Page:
Our Canadian loonie has been dropping in value ever since early 2014 and hit a 13 year low of 68.74 cents this past week. The last time the loonie was worth less than 69 cents US was nearly 13 years ago, in April 2003.
This was the 11th straight day that the Canadian currency has dropped against the US Dollar and it’s the longest losing streak since the Canadian dollar’s peg to the U.S. dollar ended in 1970. The reasons? Falling oil prices and a strong US Dollar. Oil prices falling below $30 per barrel this past week has been a major reason for the loonie’s fall. Since Canada is a rich resource country, commodity prices have a big impact on the Canadian economy. We’ve seen reports of mass layoffs in the oil rich province of Alberta and the number of Canadian oil companies closing shop. Oil has been falling amid growing worries that China’s economy is slowing dramatically as well as oversupply concerns in the oil markets. Add to the recent global stock market meltdown and investors flocking to the safe haven of US Treasuries then we see the continued strength of the US Dollar.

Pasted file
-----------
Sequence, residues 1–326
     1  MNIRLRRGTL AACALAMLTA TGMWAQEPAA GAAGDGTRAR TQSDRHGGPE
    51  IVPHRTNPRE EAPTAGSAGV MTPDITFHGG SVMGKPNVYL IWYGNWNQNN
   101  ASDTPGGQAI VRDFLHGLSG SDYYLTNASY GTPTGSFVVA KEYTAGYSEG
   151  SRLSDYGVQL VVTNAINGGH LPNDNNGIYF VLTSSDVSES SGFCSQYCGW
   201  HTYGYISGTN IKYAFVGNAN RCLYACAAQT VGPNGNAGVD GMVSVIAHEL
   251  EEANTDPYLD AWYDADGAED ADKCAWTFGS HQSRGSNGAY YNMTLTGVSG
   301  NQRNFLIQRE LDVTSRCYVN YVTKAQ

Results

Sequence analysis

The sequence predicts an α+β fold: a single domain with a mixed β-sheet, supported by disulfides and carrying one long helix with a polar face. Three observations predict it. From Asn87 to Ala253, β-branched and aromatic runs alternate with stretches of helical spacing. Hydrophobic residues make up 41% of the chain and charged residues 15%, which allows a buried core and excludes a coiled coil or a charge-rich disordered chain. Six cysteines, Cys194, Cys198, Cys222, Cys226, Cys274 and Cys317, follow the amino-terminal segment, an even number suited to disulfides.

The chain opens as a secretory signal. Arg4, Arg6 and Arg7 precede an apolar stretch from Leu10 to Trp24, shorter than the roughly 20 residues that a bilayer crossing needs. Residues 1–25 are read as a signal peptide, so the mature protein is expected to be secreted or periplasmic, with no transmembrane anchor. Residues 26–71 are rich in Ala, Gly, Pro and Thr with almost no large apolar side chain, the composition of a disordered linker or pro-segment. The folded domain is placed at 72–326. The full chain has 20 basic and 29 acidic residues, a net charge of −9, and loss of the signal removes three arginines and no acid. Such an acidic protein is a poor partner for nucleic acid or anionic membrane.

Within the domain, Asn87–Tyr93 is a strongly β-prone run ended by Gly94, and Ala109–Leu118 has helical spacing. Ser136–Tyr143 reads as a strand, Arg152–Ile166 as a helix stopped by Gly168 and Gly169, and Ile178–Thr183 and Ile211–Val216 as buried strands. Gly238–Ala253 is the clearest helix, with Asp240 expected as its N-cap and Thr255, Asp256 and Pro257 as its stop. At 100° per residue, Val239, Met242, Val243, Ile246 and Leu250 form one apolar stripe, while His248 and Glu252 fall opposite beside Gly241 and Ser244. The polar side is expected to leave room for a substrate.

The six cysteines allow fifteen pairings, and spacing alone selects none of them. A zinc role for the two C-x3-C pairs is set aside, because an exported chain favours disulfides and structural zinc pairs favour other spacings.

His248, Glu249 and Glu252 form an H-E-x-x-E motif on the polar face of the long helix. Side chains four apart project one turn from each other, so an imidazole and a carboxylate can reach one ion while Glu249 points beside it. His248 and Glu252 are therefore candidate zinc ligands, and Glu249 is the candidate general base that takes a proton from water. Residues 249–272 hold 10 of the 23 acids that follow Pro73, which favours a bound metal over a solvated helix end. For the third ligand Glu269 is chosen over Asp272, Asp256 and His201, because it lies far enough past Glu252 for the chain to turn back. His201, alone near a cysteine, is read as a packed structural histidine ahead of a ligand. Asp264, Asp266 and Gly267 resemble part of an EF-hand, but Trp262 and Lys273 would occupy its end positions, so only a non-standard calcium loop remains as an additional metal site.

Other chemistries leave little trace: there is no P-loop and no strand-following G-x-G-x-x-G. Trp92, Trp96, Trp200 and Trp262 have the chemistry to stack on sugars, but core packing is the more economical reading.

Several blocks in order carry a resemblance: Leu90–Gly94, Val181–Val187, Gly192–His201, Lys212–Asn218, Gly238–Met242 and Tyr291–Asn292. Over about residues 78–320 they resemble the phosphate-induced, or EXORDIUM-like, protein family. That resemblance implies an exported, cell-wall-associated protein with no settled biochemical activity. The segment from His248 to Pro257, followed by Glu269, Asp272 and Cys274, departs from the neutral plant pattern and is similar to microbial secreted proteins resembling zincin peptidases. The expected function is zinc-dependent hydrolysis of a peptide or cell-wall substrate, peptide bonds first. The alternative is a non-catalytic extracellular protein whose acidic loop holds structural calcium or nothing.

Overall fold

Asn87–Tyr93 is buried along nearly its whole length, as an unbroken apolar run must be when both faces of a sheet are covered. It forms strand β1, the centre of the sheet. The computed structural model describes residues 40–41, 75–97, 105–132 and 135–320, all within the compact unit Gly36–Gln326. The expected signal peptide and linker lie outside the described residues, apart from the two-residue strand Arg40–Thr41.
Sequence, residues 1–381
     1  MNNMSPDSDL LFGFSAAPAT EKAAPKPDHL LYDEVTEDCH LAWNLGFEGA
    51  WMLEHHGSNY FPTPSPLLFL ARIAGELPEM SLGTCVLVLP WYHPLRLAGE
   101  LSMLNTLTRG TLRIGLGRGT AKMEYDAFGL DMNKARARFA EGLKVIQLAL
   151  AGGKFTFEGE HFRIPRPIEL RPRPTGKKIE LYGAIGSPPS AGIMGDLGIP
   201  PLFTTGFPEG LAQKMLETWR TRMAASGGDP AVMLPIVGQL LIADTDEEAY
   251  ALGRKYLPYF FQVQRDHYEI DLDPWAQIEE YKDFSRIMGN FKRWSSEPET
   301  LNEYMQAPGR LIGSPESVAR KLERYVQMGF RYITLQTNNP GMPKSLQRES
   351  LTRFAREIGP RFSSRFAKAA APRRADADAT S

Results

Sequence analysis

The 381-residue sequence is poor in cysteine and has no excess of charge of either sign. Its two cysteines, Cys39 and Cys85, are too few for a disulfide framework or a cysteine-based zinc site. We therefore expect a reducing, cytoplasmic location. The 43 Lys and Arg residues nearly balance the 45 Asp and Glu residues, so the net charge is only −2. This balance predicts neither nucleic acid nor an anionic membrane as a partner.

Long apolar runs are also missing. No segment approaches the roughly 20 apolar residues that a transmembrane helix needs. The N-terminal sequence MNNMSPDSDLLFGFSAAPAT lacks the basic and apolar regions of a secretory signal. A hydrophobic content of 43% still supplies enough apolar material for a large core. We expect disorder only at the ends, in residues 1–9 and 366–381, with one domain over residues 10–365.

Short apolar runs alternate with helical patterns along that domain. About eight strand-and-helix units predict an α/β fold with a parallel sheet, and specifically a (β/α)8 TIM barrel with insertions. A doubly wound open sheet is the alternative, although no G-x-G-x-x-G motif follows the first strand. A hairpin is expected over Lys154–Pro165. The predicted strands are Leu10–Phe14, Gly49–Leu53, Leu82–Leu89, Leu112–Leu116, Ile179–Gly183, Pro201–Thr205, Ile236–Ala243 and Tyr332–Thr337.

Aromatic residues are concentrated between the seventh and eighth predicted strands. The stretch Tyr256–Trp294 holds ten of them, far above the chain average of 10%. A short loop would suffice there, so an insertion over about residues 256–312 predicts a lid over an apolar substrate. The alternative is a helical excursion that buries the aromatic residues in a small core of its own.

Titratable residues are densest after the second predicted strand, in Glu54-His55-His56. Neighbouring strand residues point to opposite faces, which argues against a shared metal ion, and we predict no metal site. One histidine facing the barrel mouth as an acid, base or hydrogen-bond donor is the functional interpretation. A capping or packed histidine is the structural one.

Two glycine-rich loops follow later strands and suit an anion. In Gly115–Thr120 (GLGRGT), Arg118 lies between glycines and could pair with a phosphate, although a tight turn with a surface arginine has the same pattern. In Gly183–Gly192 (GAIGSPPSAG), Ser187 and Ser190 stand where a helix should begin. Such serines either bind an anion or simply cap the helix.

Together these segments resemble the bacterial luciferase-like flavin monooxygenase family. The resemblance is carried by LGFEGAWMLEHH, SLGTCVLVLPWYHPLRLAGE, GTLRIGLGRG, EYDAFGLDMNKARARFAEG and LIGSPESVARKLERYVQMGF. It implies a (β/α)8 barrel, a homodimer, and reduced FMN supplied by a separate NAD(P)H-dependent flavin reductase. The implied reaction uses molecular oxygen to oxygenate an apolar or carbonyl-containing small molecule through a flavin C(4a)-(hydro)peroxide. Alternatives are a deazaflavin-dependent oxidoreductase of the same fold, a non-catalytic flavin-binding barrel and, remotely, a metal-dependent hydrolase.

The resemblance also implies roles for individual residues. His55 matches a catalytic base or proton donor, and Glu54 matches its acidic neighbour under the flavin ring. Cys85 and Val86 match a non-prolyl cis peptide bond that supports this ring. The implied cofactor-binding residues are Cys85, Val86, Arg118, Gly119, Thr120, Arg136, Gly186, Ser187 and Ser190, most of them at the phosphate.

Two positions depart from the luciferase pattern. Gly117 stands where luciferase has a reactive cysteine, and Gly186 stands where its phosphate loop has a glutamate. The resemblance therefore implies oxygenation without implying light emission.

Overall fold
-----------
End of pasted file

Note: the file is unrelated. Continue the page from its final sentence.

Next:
For traders, looking at the chart of the USD/CAD pair, we can see that it broke the 1.30 level quite convincingly, hit the 1.40 level and rested there for a few days before powering to currently 1.45. We expect some type of a pullback or profit taking back to 1.4 especially if oil prices recover. However, longer term if commodity prices continue to decline then we could see 1.60 where $1 USD is equivalent to $1.60 CDN. These are levels that we haven’t seen since 2001. For our American friends, please feel free to come to Canada to spend your US Dollars as we are surely not coming to the States anytime soon.